Financial and clinical fortunes may soon shift for many medical laboratory organizations
By every measure, the clinical laboratory industry is entering a high-stakes period during the next 24 months. Powerful trends are reducing lab budgets and payers are cutting the prices paid for medical laboratory testing. The question on everyone’s mind is “will it get better or worse in the months ahead?”
This question will be asked plenty of times to speakers at the nation’s largest gathering of clinical lab executives and pathology business leaders. On April 30-May1, the upcoming 18th Annual Executive War College on Laboratory and Pathology Management will take place in New Orleans, Louisiana. A record crowd has already registered to attend.
Uncertainty about Reimbursement for Molecular and Genetic Tests
Molecular diagnostics and genetic testing are prime examples of the cloudy future that hovers over the entire profession of laboratory medicine. Just getting paid has become a challenge for many medical laboratories that perform these tests.
In fact, since January 1, 2013, the Medicare program has yet to pay clinical laboratories and pathology groups for a number of molecular CPT codes. That means many clinical labs have now gone more than three months without reimbursement from the Medicare program for a sizable number of essential molecular assays and genetic tests!
This development is without precedent and no less than Forbes Magazine has taken the federal government to task over this issue. Last week it published a story about this situation with the headline “Medicare Has Stopped Paying Bills for Medical Diagnostic Tests. Patients Will Feel the Effects.”
The uncertainly over when this situation may be corrected was addressed by Scott Gotlieb, M.D., who authored the story published by Forbes. Gottlieb, a physician who has worked at the Food & Drug Administration, wrote that “There’s no clear deadline on when this will all get resolved. There’s some speculation that when the Medicare contractors submit their 2013 pricing on April 30th, they’ll have to declare their prices for these various molecular tests. Once they do, the labs should get paid retroactively. But the April 30th deadline seems soft. This could linger much longer.”
Solving the Challenges of Reimbursement for Molecular Diagnostic Tests
At the Executive War College, numerous sessions will take up the issue of reimbursement for molecular assays and genetic tests. Three examples of nationally-prominent experts who will speak on this topic are:
- Charles Root, Ph.D., CEO of CodeMap, LLC, Schaumberg, IL, on: “Molecular Codes and More: What Your Lab Should Know to Get Speedy and Accurate Payment from Different Payers”
- Michael Snyder, Principal, Clinical Lab Business Solutions, LLC, Flemington, NJ, on: “Payer Access: Why Your Lab is ‘Out’! Can Your Lab Get ‘In’?”
- Trisha Brown, CGC, Genetic Counselor, MS, Genetic Counselor Ms, Principal, Shama Consulting,LLC, San Francisco, CA, on: “Payer’s Goals for Pre-Authorization, Medical Necessity, and Pricing for Molecular and Genetic Tests”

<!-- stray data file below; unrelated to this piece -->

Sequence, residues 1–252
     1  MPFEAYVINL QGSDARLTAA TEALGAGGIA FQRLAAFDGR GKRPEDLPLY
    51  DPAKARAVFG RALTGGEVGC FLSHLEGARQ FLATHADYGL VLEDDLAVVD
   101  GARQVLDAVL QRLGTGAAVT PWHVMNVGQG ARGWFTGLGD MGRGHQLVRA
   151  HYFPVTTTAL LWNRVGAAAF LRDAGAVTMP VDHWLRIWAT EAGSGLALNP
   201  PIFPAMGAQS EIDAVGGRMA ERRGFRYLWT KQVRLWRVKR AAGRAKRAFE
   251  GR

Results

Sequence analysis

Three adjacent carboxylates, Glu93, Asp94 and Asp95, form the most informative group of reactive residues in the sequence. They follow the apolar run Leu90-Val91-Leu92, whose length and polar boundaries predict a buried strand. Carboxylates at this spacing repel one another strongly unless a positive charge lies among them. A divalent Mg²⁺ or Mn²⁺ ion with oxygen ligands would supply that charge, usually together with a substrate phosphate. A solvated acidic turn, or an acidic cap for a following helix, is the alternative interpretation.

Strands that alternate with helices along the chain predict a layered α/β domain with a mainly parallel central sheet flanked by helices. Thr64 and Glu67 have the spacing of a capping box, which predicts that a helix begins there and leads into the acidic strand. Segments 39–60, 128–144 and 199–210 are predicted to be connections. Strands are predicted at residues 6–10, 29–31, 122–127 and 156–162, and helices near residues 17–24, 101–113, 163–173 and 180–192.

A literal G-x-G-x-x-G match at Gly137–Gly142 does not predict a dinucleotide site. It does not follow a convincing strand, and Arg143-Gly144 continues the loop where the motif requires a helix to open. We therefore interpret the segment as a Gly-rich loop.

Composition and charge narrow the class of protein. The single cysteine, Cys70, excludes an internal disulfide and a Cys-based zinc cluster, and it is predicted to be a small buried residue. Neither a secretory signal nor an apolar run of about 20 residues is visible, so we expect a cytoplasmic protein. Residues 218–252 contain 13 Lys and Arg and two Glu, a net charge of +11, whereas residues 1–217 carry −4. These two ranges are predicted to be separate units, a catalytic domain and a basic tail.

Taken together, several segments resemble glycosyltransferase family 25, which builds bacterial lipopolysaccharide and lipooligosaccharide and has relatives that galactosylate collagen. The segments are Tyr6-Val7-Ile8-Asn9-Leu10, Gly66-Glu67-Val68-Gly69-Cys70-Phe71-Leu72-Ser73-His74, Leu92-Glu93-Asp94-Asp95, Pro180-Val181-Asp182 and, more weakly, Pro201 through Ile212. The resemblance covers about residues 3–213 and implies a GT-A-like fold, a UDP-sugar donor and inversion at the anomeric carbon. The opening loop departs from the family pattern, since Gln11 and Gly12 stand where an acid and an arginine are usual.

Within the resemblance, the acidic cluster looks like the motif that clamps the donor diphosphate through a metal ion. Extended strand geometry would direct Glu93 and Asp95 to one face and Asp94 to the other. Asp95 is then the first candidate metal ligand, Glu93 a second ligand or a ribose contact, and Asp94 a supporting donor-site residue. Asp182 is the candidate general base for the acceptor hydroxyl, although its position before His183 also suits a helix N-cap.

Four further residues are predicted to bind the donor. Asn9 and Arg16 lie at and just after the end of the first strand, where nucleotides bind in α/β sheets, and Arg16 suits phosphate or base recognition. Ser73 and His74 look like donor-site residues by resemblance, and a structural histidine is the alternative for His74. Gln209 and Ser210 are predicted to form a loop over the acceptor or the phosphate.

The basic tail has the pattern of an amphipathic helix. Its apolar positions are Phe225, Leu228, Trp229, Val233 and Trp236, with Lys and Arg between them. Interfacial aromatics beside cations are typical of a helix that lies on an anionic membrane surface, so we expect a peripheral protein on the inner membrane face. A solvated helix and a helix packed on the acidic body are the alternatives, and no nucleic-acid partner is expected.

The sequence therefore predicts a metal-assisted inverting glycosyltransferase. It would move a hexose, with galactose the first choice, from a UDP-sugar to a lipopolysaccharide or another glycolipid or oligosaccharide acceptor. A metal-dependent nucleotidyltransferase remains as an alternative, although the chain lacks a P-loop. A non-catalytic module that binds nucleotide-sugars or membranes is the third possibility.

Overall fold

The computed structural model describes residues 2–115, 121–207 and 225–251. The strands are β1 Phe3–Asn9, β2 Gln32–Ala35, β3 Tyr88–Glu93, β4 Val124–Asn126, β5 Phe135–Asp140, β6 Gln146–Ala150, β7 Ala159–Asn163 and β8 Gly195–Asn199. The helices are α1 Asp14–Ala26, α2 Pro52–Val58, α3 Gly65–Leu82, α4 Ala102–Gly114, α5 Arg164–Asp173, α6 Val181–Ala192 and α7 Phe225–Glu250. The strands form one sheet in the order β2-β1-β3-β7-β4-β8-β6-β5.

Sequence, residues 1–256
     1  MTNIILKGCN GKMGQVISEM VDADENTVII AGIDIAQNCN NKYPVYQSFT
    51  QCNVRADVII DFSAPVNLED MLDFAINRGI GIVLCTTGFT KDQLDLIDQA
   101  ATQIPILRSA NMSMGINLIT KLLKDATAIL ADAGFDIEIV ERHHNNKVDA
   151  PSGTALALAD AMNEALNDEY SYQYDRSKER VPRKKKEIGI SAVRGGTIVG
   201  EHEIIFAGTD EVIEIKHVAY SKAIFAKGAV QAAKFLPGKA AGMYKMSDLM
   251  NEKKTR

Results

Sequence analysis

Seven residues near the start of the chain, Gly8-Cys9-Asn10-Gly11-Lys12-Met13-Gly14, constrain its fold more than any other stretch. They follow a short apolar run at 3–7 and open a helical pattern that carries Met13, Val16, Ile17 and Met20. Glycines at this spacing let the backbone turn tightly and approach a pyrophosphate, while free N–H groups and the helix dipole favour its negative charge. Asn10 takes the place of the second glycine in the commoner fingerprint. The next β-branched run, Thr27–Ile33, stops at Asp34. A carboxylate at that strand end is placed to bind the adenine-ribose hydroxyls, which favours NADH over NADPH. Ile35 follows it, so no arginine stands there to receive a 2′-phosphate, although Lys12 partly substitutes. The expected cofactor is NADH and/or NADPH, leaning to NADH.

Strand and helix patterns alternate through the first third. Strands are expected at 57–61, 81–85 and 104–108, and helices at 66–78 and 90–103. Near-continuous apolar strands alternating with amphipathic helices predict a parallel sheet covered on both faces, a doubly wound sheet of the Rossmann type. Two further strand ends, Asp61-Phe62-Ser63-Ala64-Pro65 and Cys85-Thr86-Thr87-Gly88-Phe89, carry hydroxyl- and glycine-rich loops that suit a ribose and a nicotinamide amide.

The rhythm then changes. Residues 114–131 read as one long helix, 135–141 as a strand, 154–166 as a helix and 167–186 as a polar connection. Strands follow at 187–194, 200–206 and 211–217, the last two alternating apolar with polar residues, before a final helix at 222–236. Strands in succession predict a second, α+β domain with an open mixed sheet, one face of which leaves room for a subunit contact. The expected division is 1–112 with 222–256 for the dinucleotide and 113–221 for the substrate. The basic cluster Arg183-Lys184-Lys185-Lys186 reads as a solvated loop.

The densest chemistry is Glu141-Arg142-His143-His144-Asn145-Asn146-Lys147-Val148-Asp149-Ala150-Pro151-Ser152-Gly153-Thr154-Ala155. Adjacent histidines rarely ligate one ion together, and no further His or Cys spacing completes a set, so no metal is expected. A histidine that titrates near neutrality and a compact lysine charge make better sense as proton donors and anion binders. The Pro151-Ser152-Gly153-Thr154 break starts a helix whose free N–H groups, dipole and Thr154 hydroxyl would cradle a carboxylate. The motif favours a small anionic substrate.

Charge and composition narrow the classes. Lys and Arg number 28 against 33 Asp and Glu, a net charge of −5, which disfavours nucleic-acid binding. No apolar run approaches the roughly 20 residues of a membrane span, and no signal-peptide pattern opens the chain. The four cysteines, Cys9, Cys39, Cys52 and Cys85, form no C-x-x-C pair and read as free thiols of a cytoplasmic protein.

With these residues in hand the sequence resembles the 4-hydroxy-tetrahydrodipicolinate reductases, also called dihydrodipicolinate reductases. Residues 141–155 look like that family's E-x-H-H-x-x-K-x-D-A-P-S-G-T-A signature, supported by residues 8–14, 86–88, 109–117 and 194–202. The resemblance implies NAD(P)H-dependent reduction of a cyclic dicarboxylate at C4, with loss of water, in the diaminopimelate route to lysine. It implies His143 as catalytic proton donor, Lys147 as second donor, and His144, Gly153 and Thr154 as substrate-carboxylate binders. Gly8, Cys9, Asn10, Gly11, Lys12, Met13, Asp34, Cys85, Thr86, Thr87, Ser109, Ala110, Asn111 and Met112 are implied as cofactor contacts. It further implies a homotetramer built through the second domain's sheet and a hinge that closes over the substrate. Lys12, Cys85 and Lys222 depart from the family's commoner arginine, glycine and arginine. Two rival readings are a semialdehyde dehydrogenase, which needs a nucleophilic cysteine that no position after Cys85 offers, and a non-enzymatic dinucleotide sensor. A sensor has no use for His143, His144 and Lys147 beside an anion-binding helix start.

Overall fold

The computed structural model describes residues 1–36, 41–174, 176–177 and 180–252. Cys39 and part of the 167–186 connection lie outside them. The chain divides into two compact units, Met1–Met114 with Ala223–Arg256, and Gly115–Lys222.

It is the goal of these sessions to help lab organizations collect all the money that’s legally due them—not just for molecular and genetic tests—but for the full menu of medical lab tests they perform for physicians and patients on a daily basis.
Of course, there are other developments that create uncertainty for clinical laboratory administrators and pathologists. One major trend is toward the integration of clinical care, in the form of accountable care organizations (ACOs), medical homes, and other new care delivery models. In these types of healthcare organizations, reimbursement will move steadily away from fee-for-service and toward new forms, including value-based reimbursement and bundled payment reimbursement.
This has significant implications for every clinical laboratory and anatomic pathology group practice. Will your lab organization have access to provide medical laboratory testing services to patients in an ACO? If so, how will it be paid for these lab tests? What pricing arrangements will be preferred by ACOs?
Market for Laboratory Outreach Testing is Undergoing Transformation
Another trend with the potential to upend the traditional market for laboratory outreach testing services is that of office-based physicians selling their medical practices to hospitals and health insurers. Several experts at the Executive War College will speak about this trend and offer insights on effective strategies that clinical labs and pathology groups can use to ameliorate the effect of this trend on their finances.
These descriptions of clinical laboratory industry trends only scratch the surface of topics to be covered at the Executive War College. There will be more than 60 sessions and 96 speakers. Presentations cover lab automation, lab and healthcare informatics, and new diagnostic technologies like mass spectrometry, just to name a few.
You can view the full agenda and speakers by visiting the Executive War College website by using the hotlinks in this sentence. Register now to reserve your place to be with us on April 30-May 1 at the New Orleans Sheraton Hotel. It will be the single-most valuable educational investment you’ll make this year, at a time when the entire profession of laboratory medicine faces a cloudy future.
—Robert L. Michel
Medicare Has Stopped Paying Bills For Medical Diagnostic Tests. Patients Will Feel the Effects
Agenda, Session Topics, and Speakers for Executive War College on Laboratory and Pathology Management
Registration for Executive War College on Laboratory and Pathology Management
Molecular Diagnostics Reimbursement in Flux: What Will New Codes Mean for Labs?